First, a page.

The low level of education of parents was associated with the school delay in Brazzaville (Table 1 and Table 2). Education level of parents is an undeniable factor in child’ school success as shown by several authors (Murat, 2009; Richter et al., 1997; Driessen & Dekkers, 2007; Janosz, 2000) . This finding may be explained by several reasons. First are environmental factors, as Soualem et al. noted in their study (Soualem et al., 2005) where the level of education of parents had an impact on child’s attention, attendance and hyper-activity. Next are genetic factors underlying the heredity contribution on the level of intelligence of a child (Voizot, 1973) . Driessen and Dekkers (Driessen and Dekkers, 2007) in The Netherlands reported a proportion of school delay four times higher among children whose parents had stopped their education at the primary level compared to children whose parents attained college education. However, it is rather the mother’s level of education which has a more significant impact on the schooling of the child than the father. Moreover, in our study, when the results of the children of the two sectors were combined, only the impact of the level of education of mothers remains (p ˂ 0.0001) even after an adjustment on the socio-economic level. Richter et al. (Richter et al., 1997) in South Africa made a similar finding. Terrail (1992) meanwhile found that mothers school history matters on the academic success of their offspring, in the sense that more they were exposed to school and knowledge, more they were concerned about the success of their children. Mothers’ level of education has great impact on school performance of children because they often help more their children than fathers do. They spend more time helping each of their children (at the age of basic education) compared to fathers (Murat, 2009) .
The limitation of this study is that although these results express very well the magnitude of school delay in Brazzaville, but they could not be extrapolated to the whole of the country because the socioeconomic and demographic realities are not the same in rural and in urban area.
In addition, we would like for a future research project, to conduct the same study throughout the country in order to have a real overview of the problem. More, we wish to go further by studying the correlates of the problem, especially cases of absenteeism and dropout.
Like other developing countries, school delay constitutes a public health problem in Congo. In view of the place that occupies a youth elite in the future development of a country, a global reflection is necessary on the education system and the improvement of the purchasing power of the population.
School delay of child in Brazzaville (CONGO)
Parent’s phone number
Date of birth (dd/mm/yy): / /
Place of birth
Gender: Male □ female □
A. School data:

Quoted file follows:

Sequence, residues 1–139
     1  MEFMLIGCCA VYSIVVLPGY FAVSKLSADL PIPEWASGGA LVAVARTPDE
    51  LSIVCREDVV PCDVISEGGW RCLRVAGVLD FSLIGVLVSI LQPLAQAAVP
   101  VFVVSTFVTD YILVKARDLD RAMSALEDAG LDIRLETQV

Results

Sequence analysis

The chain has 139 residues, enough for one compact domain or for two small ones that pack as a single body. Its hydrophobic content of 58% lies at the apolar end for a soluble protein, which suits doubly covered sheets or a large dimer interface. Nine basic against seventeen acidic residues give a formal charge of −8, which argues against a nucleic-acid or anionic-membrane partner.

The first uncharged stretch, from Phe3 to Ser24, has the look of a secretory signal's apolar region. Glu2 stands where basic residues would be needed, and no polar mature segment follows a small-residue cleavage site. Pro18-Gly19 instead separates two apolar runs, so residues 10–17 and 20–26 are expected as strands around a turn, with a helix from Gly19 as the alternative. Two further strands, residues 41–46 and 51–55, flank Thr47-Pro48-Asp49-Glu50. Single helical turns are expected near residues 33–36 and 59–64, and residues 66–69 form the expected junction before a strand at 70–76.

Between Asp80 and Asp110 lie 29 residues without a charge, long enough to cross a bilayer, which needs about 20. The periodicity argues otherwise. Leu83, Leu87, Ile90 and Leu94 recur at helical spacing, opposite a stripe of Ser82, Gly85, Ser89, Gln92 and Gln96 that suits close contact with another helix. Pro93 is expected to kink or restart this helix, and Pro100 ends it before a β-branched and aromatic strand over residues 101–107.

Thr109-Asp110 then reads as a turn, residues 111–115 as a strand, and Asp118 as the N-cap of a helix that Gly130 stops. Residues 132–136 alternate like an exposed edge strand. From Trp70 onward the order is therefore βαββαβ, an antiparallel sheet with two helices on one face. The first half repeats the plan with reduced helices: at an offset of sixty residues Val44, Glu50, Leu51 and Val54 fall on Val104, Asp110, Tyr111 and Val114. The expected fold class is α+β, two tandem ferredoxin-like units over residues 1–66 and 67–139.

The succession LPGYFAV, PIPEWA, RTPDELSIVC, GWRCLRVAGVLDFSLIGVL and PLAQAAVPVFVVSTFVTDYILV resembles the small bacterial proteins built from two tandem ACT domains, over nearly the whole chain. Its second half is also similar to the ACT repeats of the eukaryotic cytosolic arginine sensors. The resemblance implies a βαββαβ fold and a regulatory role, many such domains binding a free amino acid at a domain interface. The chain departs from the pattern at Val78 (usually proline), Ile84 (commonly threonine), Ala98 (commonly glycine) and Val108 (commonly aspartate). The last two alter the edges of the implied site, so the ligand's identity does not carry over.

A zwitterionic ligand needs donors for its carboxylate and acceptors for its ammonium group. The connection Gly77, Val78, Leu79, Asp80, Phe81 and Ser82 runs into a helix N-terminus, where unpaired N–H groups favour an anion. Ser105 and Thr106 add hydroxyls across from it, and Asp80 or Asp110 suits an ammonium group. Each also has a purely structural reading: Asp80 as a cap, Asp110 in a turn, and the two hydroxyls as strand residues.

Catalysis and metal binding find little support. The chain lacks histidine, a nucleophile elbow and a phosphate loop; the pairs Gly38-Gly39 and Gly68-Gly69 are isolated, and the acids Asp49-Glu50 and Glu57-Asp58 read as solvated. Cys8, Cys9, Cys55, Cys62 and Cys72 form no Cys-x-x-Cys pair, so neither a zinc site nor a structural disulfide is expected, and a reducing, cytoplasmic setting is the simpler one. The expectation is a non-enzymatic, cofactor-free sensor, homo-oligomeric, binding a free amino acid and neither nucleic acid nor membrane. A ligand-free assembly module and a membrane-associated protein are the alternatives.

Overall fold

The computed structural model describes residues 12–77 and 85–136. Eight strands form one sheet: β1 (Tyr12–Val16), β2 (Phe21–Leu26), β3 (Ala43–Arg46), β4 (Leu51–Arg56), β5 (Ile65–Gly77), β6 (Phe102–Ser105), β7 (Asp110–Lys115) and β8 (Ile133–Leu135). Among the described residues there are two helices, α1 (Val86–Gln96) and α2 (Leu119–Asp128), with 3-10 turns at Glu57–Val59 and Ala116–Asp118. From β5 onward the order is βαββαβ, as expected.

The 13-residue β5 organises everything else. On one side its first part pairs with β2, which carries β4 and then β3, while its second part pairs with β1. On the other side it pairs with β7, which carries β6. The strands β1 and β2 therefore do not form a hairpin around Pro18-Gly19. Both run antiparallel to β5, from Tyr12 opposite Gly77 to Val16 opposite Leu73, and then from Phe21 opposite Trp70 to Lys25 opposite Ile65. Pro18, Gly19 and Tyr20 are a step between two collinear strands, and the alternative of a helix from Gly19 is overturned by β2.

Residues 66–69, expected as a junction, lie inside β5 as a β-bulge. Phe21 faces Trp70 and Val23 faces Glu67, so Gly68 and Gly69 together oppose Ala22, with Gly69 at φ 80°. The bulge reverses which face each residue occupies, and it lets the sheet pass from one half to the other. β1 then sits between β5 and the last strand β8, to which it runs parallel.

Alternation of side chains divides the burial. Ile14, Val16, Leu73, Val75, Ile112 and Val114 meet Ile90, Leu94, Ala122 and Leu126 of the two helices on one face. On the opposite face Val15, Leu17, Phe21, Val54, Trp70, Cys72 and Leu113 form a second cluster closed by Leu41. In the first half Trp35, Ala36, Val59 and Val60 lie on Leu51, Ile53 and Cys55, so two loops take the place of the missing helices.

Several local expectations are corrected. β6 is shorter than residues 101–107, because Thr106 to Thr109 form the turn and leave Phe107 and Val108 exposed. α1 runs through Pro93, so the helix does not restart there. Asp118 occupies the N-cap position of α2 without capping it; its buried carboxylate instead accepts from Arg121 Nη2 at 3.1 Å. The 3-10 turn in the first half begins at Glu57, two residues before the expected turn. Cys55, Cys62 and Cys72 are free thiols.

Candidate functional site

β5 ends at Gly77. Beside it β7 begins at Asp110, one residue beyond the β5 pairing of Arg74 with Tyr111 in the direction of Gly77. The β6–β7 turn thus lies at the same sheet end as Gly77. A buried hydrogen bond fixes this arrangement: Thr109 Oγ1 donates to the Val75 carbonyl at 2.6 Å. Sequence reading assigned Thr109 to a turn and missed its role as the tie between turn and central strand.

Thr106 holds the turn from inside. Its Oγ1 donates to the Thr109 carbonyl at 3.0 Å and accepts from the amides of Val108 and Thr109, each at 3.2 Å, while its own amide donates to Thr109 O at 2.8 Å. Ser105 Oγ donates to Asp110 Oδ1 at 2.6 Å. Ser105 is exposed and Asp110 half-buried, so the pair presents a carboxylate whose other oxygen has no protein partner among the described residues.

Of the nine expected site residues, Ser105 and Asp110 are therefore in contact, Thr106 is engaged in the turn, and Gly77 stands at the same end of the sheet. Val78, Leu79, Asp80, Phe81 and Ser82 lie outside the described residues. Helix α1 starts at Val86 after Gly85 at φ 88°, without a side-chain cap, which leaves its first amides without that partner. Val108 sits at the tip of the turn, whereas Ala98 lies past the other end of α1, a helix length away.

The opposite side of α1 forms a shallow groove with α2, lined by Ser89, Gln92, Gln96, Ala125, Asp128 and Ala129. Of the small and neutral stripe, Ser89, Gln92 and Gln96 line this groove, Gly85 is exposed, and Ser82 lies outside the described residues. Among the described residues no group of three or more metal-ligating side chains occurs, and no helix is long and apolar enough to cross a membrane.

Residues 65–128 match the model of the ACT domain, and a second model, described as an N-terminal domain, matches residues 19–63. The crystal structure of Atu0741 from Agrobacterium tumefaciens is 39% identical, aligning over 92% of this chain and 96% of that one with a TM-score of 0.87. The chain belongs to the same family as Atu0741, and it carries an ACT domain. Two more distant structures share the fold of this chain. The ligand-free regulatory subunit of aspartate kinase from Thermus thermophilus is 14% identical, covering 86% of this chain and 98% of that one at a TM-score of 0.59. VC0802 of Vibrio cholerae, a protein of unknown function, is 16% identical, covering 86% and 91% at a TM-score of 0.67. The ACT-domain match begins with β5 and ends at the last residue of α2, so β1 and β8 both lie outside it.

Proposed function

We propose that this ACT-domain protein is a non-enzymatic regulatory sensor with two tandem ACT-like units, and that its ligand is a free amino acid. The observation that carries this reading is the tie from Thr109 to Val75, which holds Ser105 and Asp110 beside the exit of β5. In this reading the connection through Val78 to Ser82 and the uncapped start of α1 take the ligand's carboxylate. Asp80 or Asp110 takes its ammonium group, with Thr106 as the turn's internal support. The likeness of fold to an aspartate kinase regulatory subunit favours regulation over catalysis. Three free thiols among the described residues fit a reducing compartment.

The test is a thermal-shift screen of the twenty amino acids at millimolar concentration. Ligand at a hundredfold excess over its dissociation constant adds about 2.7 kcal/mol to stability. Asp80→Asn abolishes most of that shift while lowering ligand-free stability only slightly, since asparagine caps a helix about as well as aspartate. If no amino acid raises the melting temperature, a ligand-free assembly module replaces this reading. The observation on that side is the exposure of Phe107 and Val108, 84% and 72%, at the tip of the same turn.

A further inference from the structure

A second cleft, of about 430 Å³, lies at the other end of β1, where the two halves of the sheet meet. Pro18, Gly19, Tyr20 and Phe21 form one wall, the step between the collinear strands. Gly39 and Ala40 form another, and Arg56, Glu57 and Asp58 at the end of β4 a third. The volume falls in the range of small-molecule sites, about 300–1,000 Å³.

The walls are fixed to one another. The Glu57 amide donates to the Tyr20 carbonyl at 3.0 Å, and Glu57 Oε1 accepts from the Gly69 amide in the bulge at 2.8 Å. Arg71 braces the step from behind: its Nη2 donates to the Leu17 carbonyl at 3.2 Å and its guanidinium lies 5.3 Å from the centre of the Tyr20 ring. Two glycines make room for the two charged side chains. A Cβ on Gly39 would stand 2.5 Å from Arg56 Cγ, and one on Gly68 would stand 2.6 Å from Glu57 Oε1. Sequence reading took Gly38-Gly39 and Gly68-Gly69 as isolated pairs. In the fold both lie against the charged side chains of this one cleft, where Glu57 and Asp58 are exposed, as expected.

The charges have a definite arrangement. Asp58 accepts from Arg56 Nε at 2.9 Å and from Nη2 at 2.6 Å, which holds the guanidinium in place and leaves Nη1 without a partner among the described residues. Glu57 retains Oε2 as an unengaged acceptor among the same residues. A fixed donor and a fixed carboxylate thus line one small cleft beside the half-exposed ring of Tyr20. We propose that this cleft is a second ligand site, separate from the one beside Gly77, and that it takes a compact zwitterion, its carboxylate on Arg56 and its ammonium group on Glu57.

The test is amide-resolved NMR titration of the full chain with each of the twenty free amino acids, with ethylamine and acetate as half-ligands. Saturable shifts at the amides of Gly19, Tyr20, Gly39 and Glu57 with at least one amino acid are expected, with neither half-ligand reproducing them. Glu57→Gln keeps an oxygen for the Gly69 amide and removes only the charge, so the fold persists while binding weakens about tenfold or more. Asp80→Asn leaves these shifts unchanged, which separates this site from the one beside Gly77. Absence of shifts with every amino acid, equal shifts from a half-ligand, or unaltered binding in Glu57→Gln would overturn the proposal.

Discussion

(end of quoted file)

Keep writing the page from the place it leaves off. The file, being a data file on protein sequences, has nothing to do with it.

Kindergarten program attendance: Yes □ No □
If yes, please specify the age at the entry:
Mean of transportation to school: familial car □ public transport □ on foot □
Has repeated class (es): Yes □ No □
If yes, specify the class (es) repeated
Type of school attended: public □ private □
School location: down-town □ suburb □
Has changed schools during the curriculum: Yes □ No □
If yes, please specify the reasons
B. Medical past history:
Neonatal resuscitation: Yes □ No □
Meningitis: Yes □ No □
Severe neurological malaria: Yes □ No □
Severe dehydration: Yes □ No □
Epilepsy: Yes □ No □
Sickle cell disease: Yes □ No □
Asthma: Yes □ No □
Congenital heart disease: Yes □ No □
Motor handicap: Yes □ No □
Head trauma: Yes □ No □
Other pathologies: Yes □ No □
If yes, specify the (or these) pathology (ies):
Hospital previous admissions: Yes □ No □
If yes, specify the number: ; and the reason:
Language spoken at home: French: □ Kituba: □ Lingala: □ other: □
If other, specify the (or these) language (s):
Row of the child in the siblings:
Number of siblings:
Is (s) he a twin: Yes □ No □
If Yes, specify the rank: 1st: □ 2nd: □
-Level of education: primary □ secondary □ tertiary □
-Nationality: Congolese □ other □ specify
-Level of education: primary □ secondary □ tertiary □
-Nationality: Congolese □ other □ specify
Marital status of the parents: married □ divorced □ single □
If divorced or single, who’s in charge of the child: father □ mother □ both parents □ other □
If other, specify:
 Akoué, M. C. (2007). Repetition of Girls in Form 4 of the Secondary Schools of Libreville in Gabon. Thesis to Obtain the Rank of Philosophiae Doctor (PhD), Faculty of Graduate Studies of Laval University in the Context of the Doctoral Program in Educational Administration and Policy.
 Bawa, H. (2008). Family Educational Practices, Self-Esteem and School Performance in Adolescents: Case of Adolescents of the District of Atakpamé (Togo). Ibn Postgraduate Studies in Psychology of Education.
 Gayral-Taminh, M., Arnaud, C., Parant, O. et al. (1999). Pregnancies and Childbirth by Women from the Maghreb and Black Africa Followed up in the Maternity Ward of Toulouse. Journal de Gynécologie Obstétrique et Biologie de la Reproduction, 28, 462-471.
 Murat, F. (2009). School Delay Depending on the Parental Environment: The Influence of Parenting Skills. Economie et Statistique, 424-425, 103-124. http://dx.doi.org/10.3406/estat.2009.8033
 Rosenwald, F. (2006). Girls and Boys in the Education System. Ministry of National Education, Higher Education and Research, Department of Evaluation and Forecasting. Note d’Information 2006, 06.06.
 Soualem, A., Aboussaleh, Y., Ahami, A. O. T. et al. (2005). Impact of Socioeconomic Status on Developmental and Cognitive Development in Children Enrolled in Morocco. Elsevier Masson SAS, 15, 1155-1704.